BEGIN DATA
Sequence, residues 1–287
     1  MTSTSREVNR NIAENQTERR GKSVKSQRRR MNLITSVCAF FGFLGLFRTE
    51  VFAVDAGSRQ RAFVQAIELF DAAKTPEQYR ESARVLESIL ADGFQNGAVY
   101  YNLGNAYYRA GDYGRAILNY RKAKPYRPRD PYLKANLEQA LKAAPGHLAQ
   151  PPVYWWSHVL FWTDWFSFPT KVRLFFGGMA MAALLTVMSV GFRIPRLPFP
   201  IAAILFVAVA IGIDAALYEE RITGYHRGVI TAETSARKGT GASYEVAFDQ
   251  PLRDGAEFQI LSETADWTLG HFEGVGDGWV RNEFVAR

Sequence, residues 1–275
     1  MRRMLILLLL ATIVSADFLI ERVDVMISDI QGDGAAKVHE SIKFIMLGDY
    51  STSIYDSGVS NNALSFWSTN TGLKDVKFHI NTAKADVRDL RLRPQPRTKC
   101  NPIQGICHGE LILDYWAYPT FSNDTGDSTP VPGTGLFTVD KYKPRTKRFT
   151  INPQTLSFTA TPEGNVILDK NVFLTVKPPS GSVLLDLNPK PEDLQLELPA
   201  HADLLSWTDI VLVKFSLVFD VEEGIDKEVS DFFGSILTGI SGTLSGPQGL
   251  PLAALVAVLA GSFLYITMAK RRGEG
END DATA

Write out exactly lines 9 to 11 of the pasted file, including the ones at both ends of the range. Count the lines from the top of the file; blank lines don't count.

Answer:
     1  MRRMLILLLL ATIVSADFLI ERVDVMISDI QGDGAAKVHE SIKFIMLGDY
    51  STSIYDSGVS NNALSFWSTN TGLKDVKFHI NTAKADVRDL RLRPQPRTKC
   101  NPIQGICHGE LILDYWAYPT FSNDTGDSTP VPGTGLFTVD KYKPRTKRFT